Fiona Broadfoot was in the top 50. She’s an inspirational activist who runs an organisation to support women at risk of being sexually exploited by providing long-term support, advice and assistance. Heroes like Fiona don’t always get the recognition they deserve. I hope that awards like the New Radicals 2018 may help fix that.

Common Wealth is a community theatre group co-founded and run by Evie Manning from Speaker’s Corner, a Bradford city centre creative space. This New Radical-listed group puts on entertaining yet thought-provoking socially and politically-inspired theatre on subjects including Muslim female boxers and tough times in the UK’s steel industry. This is inclusive enterprise with genuine purpose, by bringing audiences together it seeks to raise awareness and inspire positive change.

Evie Manning is in good company in coming through Bradford’s thriving arts and cultural scene. This month, Syima Aslam, founder of the Bradford Literature Festival, won in the Hospital Club 100 Awards, which recognise influential and innovative talent in the UK’s creative industries. I’m a huge fan of Syima’s and think she’s destined to do more great things.

If you’re an art lover you may have heard of Madani Younis. If not, you soon will: it was announced this month that he is to be the next director of London’s Southbank, the UK’s biggest arts centre. Younis cut his teeth in Bradford, as founding artistic director of the Freedom Theatre. He will take some Bradford flair and Yorkshire grit to one of the biggest arts jobs in the country.

As well as these inspirational leaders, there’s also a new generation of businesspeople being inspired by Bradford’s powerful culture of entrepreneurship. There are around 35,000 self-employed people here and in 2017, Bradford was named best city in the UK to start a business by Barclays.

Entrepreneur Gemma Andrews began blogging about cooking while living in London. As the blog became popular, readers asked for the recipes and ingredients. Gemma spotted an opportunity to make her mark up by supplying the ingredients herself and set up shop. She returned to her home city to grow the business and today Superfood Market turns over a cool £10m and trades in 48 countries. After being named Young Entrepreneur of the Year 2018 in the Bradford Means Business Awards this summer, the 30-year-old said: “Bradford is a perfect environment to grow a business.”

Stories like these show the amazing talent and dedication of Bradford’s people. When our young people are inspired, fantastic things happen on these streets. Here’s to the ones who shake things up.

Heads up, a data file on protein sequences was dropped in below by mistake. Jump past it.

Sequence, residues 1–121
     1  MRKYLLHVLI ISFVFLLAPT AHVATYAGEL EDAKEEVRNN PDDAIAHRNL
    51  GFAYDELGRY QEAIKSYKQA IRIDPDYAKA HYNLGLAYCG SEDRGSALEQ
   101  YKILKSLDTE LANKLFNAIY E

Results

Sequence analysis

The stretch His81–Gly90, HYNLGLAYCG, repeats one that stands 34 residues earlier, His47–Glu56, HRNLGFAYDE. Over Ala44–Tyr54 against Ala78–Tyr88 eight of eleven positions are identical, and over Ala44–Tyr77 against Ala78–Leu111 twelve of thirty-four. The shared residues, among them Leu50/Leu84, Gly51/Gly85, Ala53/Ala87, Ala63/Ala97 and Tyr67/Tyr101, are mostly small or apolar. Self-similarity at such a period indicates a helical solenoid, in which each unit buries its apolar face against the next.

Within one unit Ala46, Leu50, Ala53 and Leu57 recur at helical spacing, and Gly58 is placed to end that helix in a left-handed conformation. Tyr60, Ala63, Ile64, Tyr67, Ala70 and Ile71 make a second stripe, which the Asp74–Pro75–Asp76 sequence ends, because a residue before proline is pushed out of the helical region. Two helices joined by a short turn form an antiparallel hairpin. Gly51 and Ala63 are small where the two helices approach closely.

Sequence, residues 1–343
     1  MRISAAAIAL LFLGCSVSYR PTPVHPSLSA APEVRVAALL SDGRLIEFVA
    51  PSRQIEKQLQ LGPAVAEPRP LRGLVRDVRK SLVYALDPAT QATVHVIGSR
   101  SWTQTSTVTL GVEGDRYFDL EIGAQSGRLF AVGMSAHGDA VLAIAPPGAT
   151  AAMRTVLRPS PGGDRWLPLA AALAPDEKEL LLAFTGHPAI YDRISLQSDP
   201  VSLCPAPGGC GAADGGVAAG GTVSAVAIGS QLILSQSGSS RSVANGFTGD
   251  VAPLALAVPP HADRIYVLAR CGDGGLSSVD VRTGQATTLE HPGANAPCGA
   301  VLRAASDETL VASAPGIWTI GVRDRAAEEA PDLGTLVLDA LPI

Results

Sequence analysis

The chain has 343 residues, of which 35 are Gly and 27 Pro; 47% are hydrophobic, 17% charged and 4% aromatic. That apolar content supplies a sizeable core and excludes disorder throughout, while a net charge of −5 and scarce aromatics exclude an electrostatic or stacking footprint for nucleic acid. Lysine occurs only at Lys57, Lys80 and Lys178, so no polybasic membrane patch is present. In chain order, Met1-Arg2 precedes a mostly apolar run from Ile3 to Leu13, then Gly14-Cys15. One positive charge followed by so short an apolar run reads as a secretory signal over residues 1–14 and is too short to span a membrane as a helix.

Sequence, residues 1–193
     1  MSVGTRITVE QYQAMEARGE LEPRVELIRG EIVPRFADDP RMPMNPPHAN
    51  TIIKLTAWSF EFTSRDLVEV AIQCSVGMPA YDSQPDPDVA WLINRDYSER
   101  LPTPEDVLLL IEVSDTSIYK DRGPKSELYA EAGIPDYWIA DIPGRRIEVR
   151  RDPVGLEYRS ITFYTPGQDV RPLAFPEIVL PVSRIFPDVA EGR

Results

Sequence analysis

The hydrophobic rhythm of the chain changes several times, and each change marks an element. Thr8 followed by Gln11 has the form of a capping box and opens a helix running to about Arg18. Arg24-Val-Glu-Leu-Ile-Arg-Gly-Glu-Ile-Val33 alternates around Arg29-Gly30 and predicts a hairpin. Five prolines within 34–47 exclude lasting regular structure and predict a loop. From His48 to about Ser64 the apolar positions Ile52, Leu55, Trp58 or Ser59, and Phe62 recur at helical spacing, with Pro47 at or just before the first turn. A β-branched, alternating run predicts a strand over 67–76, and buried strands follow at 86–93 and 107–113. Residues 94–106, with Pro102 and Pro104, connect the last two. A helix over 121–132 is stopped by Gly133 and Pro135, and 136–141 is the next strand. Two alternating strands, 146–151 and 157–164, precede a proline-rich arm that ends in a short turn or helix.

• Dave Baldwin is chairman of Bradford Economic Partnership and chief executive of Burnley Football Club

Now is the right time for Bradford BID

Say it quietly, but good times could be just around the corner at Odsal. The Bradford Bulls are being talked about for the right reasons again as they eye promotion to the Championship. The city is backing their bid for rugby league glory and there’s optimism at their home ground. Everyone’s fingers are crossed.

Andrew Chalmers, chairman and co-owner of the Bulls, has done a great rebuilding job. Despite his packed schedule, he recently took time to urge Bradford city centre businesses and organisations to get behind another major bid in the city this autumn.

The Business Improvement District (BID) is an ambitious scheme to raise and invest £2.5m in the city centre in the next five years. Businesses and organisations in the BID area would pay a small levy which would be pooled and invested in specific projects to deliver tangible, sustained improvements in the centre. Chalmers is backing the Bradford BID because investment in the city is good for the Bulls, and vice-versa.

A levy of up to 1.25 per cent is being considered to support four so-called ‘pillars’ – safe, clean, alive and promoted – to ensure security and safety in the city; make it clean and welcoming, encourage more events and entertainment on the streets; and promote the centre properly. Investments would be targeted to make Bradford more vibrant and attractive to drive footfall, spending and investment and support organisations and businesses.

There are more than 300 BIDs currently running the UK. Readers of The Yorkshire Post will probably know that BIDs have been set up in locations as varied as Leeds, Keighley, York and Halifax. But it would be wrong to see this BID as simply a case of ‘Now it’s Bradford’s turn’. Every town and city has its own unique history, needs and stages of development.

A BID in Bradford might have been put together before now, but, as chair of the Bradford Economic Partnership, I’m clear that now is the right time. A huge amount of work has gone into understanding the opportunities – and challenges – facing Bradford and we’ve drawn up a clear plan – the Economic Strategy for Bradford District 2018 to 2030 – to help the city achieve its incredible potential for the benefit of both Bradford and the North more widely. The BID is one part of a bigger picture and plan.